"It must realize its current business model is dead."
That's what Merkel said about Cyprus this morning, according to Luke Baker at Reuters.
After the ructions of this week, there's virtually no chance that the island can keep its oversized banking sector, ultra-low taxes, and massive deposits from rich Russians.
The good news is that this is key to getting a deal.
In a way, though, the background situation has got better for Cyprus in the last week. On Monday, the country was deathly afraid of the deposit tax because it could have signaled the death of Cyprus as a destination for offshore banking. That appears to have been the reason why it took the disastrous choice to "spread the pain" by hitting insured depositors with a tax on top of uninsured.
Now, it doesn't have to worry about that, because its role as an offshore banking destination is dead already. It is, bluntly, inconceivable that the "solution" to the crisis, whatever it is, won't result in deposit flight from overseas depositors. The only hope left is to ensure that it doesn't also result in Cypriots moving their money offshore.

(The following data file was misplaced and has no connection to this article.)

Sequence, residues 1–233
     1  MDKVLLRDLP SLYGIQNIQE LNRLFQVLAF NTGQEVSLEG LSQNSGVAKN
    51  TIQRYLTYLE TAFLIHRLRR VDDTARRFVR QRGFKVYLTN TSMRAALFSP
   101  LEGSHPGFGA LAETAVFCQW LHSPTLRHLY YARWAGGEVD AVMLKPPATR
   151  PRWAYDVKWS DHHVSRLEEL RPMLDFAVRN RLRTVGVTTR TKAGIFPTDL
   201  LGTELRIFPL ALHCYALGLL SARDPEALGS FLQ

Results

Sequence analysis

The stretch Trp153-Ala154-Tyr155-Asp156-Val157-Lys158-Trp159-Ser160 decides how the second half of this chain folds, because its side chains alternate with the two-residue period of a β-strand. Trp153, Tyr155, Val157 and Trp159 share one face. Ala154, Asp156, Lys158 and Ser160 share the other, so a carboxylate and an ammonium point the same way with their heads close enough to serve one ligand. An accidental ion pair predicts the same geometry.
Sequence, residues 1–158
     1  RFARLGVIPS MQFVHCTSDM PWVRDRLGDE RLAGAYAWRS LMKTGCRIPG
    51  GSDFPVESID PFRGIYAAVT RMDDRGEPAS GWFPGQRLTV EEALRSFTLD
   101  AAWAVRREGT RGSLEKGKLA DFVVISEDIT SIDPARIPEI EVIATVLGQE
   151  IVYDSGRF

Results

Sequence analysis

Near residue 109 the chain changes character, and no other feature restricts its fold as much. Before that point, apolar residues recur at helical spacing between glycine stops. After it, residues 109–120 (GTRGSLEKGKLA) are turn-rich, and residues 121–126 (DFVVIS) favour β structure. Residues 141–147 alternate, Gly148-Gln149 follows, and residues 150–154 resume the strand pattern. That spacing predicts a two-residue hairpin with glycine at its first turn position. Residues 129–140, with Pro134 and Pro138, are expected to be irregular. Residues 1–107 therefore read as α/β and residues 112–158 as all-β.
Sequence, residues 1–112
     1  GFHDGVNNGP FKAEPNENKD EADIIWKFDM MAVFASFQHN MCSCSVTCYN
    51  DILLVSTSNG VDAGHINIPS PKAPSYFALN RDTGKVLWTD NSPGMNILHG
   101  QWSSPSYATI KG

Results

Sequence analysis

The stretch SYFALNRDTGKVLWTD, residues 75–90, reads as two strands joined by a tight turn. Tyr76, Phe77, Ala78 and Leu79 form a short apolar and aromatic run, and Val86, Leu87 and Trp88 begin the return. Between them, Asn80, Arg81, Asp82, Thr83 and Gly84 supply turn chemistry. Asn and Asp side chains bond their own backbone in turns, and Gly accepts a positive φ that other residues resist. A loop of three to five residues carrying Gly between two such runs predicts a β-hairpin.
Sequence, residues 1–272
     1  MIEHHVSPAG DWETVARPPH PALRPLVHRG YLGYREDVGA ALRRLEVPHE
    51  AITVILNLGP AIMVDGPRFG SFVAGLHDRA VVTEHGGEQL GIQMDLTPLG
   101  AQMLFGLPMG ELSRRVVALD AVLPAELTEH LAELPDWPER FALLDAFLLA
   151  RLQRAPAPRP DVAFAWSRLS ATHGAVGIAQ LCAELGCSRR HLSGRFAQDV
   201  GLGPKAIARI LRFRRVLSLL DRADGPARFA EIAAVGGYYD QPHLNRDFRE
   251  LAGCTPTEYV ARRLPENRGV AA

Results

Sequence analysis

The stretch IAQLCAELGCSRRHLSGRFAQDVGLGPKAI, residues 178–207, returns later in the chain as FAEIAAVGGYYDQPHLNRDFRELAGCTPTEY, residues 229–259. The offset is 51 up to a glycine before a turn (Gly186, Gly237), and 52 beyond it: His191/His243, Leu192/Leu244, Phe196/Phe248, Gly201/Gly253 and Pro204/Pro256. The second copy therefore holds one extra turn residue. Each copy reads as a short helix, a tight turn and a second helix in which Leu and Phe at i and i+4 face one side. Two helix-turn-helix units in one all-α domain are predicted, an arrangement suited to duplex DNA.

Cyprus probably had a chance if it had agreed to the initial deposit levy right away. It would have been brutal, but it would have been over. And by taxing local depositors at 6.5%, while keeping the tax on rich depositors to just 9.9%, the government would have sent a strong message to foreign depositors that they were willing to hurt their own residents in order to protect them. That seems gone, and so is the Cypriot model.
As for other news this morning, the other headlines include Russia rejecting any real plans to invest in Cyprus. It looks like if Cyprus is going to get a deal it's going to be a deposit tax.
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